Wednesday, April 19, 2006

Thoughts on Imperialism

Rarely a day goes by in my life of academia that I don't hear a particularly venomous attack on George W. Bush, conservatives, Republicans, or on America itself.

The other day was no exception when a professor (a very well-respected professor) made a comment to the effect of "I wonder how the common Iraqi feels about an imperial nation invading their country."

What boggles me is this notion of imperialism. The ever-so-handy tells me that imperialism is "The policy of extending a nation's authority by territorial acquisition or by the establishment of economic and political hegemony over other nations."

This definition lends credit to America as an imperial nation only though the economic and political hegemony. The idea that the US is in a war in Iraq to gain new territory is absurd. The next time I hear about an American heading over to Iraq to stake their claim I'll let you know.

Further, how do you define political or economic hegemony? Economic hegemony leads me to think of a nation that has economic supremacy and control over another. In this way, the entire world is an "imperial territory" of the United States, the world's larges economic power. However, it could be just as easily said that the United States is a territory of the "imperial world" who hold the keys to America's enormous economic debt.

Political hegemony is the final term that lends a bit of credibility. Is the US controlling Iraq's government? Maybe so - indeed, the stalling Prime Minister Prime Minister Ibrahim al-Jaafari may by on his way out under just such pressure. However, even if there is some short-term control of Iraq's government now, the US is clearly and plainly setting the Iraqis up to govern themselves for the long term (for reference, see Germany, Italy, and Japan).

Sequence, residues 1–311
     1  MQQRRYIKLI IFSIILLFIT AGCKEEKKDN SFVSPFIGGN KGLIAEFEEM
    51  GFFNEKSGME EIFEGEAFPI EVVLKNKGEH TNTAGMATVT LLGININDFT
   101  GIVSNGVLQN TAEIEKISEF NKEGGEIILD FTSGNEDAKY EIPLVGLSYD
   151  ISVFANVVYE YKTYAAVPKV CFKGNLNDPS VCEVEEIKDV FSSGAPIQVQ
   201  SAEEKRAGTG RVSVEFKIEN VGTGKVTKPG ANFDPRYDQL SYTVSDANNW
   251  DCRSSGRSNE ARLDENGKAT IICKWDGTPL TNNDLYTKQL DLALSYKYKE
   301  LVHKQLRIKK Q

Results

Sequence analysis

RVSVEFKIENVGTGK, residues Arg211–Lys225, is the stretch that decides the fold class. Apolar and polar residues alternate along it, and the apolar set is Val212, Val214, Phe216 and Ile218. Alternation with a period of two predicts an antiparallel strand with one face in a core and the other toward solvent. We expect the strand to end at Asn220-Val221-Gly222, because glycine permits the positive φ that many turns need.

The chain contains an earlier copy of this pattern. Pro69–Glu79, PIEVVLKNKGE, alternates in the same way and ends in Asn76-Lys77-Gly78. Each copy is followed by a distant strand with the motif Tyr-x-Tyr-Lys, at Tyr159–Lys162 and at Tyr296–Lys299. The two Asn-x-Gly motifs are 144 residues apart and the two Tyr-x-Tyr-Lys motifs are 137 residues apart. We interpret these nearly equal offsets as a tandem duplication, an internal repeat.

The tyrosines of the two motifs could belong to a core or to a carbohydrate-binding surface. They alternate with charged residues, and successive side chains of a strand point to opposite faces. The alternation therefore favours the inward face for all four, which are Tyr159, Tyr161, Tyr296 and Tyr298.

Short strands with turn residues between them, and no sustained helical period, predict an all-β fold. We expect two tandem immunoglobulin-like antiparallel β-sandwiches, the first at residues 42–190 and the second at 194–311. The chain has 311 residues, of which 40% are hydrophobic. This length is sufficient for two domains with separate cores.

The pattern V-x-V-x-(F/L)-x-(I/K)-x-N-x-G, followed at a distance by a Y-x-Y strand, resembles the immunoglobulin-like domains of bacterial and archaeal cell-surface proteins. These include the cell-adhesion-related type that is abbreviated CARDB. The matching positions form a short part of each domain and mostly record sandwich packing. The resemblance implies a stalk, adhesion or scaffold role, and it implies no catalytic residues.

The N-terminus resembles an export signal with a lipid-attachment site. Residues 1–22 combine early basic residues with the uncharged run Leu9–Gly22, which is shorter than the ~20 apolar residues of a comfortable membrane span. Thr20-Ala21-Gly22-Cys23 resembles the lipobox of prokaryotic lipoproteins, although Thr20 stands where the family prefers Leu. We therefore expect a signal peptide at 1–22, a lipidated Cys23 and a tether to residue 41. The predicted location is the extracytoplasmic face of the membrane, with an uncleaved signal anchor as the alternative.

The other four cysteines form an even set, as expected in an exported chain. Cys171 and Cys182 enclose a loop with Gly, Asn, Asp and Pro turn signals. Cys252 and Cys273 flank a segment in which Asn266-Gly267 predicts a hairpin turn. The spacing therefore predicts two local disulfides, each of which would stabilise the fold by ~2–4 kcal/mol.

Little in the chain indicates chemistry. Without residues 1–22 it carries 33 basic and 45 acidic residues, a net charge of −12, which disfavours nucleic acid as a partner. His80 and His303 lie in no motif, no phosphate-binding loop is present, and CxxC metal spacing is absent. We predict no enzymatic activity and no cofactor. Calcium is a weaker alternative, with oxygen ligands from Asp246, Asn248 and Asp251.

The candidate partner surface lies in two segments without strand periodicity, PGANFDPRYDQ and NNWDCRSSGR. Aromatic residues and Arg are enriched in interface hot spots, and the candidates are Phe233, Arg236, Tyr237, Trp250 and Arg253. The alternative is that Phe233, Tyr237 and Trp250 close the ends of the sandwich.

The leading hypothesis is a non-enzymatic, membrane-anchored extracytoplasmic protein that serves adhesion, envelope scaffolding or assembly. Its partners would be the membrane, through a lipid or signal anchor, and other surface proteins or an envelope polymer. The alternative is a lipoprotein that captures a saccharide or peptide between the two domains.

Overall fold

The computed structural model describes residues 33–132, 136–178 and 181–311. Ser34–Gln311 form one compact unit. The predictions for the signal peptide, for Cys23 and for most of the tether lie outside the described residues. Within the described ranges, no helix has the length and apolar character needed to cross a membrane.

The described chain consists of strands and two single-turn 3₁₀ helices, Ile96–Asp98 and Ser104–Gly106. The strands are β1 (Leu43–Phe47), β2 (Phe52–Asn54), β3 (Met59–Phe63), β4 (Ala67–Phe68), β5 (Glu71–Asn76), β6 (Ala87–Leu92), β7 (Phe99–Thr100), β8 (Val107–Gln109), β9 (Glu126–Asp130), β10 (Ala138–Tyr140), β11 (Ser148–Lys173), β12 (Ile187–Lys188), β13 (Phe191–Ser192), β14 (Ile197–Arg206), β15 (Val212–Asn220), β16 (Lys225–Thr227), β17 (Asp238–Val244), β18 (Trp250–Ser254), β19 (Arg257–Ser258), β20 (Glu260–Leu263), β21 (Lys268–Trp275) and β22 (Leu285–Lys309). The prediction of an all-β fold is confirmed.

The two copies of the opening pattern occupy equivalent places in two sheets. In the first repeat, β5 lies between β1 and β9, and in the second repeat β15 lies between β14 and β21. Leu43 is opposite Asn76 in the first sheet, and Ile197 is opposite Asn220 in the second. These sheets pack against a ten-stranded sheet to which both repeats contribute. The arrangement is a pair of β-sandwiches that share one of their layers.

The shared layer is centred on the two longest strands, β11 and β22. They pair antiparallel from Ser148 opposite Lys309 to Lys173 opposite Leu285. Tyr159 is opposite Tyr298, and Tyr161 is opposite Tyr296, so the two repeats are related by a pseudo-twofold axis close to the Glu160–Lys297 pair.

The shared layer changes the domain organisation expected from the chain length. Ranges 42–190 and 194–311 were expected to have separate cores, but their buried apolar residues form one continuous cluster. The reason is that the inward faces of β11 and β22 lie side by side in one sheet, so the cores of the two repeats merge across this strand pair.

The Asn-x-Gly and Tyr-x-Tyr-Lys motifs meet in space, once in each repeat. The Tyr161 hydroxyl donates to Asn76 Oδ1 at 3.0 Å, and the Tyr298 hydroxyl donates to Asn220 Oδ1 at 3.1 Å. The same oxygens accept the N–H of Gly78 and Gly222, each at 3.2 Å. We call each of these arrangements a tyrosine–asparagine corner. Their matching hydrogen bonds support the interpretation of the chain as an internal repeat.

Persons who claim the US is an imperial nation loose out by all three understandings of imperialism. One has to look only as far back as World War II, when the US was the only nation in world history poised on conquering the globe - to see we returned the conquered lands back to those we liberated (and/or defeated). Is there a permanent military presence in France and Germany? Yes - and it kept the Soviet Union from rolling their tanks over from the east. Will there be a permanent military presence in Iraq? Most likely - to keep Iran at bay. Do any of these instance qualify for US "imperialism?" Clearly not. In any case, if the US still had imperial aspirations to gain more territory we would surely do so by other means.

American imperialism -another washed-up liberal term invoked to insult our great nation and disillusion us from our goals in Iraq - freedom and democracy.

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